Too Much, Too Soon (DVD Review)5 Apr, 2010 By: Mike Clark
Available now via WBshop.com’s Warner Archive
Stars Dorothy Malone, Errol Flynn, Ray Danton, Efrem Zimbalist Jr.
A few years before her death in 1960 at age 38 from a combo of booze and sleeping pills, actress Diana Barrymore (John’s daughter and half-sister of actor John Drew Barrymore — Drew’s dad) penned a popular tell-all biography in 1957.
Selling points — the kind that got her on Mike Wallace’s then provocative and smoke-filled interview show, which Mad Magazine once parodied with gusto — dealt with her squandered film career, stays in a sanitariums and less-than-ideal choice in men.
This movie version came near the end of a short-lived Hollywood cycle in the mid-to-late 1950s that dealt with the pain of femme show biz celebrities: think Love Me or Leave Me (Doris Day as singer Ruth Etting); I’ll Cry Tomorrow (Susan Hayward as singer-actress Lillian Roth); and The Helen Morgan Story (Ann Blyth as the singer-actress opposite a very young Paul Newman). Alcohol figured prominently in the last two sagas as it does here, but in this case, the disease ran in a famous family, which is what makes this very spotty film worth a look.
Headlining here not long after winning a 1956 supporting Oscar for Written on the Wind, Dorothy Malone is more than acceptable as Barrymore, but a lot of gas goes out of the picture with the death of John (Errol Flynn) at almost exactly the halfway point. Flynn had his own boozy demons, largely squandered his own career as well and died about a year-and-a-half after Too Soon’s release. He did, though, make a kind of artistic comeback in twilight, dating from his surprise casting in producer Darryl F. Zanuck poorly received 1957 adaptation of Hemingway’s The Sun Also Rises, in which fourth- and fifth-billed Flynn and Eddie Albert got the best reviews.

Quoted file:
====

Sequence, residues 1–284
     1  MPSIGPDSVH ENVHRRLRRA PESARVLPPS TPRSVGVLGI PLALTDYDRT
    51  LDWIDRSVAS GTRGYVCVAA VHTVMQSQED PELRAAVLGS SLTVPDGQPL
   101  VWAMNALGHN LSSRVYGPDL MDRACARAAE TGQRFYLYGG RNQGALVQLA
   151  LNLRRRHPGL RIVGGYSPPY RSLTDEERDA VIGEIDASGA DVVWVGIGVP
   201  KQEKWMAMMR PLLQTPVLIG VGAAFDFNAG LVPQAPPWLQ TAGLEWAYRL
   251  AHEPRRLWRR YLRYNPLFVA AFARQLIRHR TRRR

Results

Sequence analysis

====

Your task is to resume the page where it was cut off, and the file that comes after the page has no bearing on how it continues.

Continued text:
This movie doesn’t sugarcoat the senior Barrymore’s drinking, but Flynn’s is a performance of touching dignity most of the time (he and John were close friends in real life). Malone gets off to a rocky start when she has to play Diana as a teenager (inadequate solution: no makeup), and when the movie cuts to her as a young adult all dolled up, it’s a jolt to see what a stunner she is.
Much later, after Diana has been reduced to working a bump-and-grind joint (though not in any sexually provocative way), she’s seen in a blond fright wig and dreadfully over-elaborate eye makeup that eerily makes her look like a younger version of the Bette Davis we’d later see in What Ever Happened to Baby Jane.
Diana’s movies (most of which were Universal ‘B’-pictures) are tough to find even as bootlegs, so we don’t know if the movie’s assertion that she was an iffy actress holds any water. Given that the script has her laboring at something called “Imperial Pictures,” which never existed, you have to wonder.
This rendering further asserts that 1941’s All Through the Night (a real movie produced at Warner Bros.) was a stinker when in actuality — now and, I would have to guess, then — it’s about as much fun as an anti-Nazi comedy-drama with Humphrey Bogart, Peter Lorre, their Casablanca co-star Conrad Veidt, Judith Anderson, William Demarest, Phil Silvers and Jackie Gleason and more should be.
These kinds of biopics almost always fudge the marital angle because lawsuits are only one attorney away. Thus, it’s kind of a surprise that the martially abusive and chronically unemployed tennis amateur played by Ray Danton is called “John Howard” — which really was the name of Barrymore’s second husband. In this version, at least, he’s the one real standout heel.
Until it hit me, I kept trying to place the actor who plays John’s keeper disguised as a housekeeper, the one who at least tries to spike the actor’s drinks with water. He’s John Dennis (who turns out, did a ton of TV) — memorable for his screen debut in From Here to Eternity for his performance as Sgt. Ike Galovitch, the agitating creep who finally induces Montgomery Clift to fight him.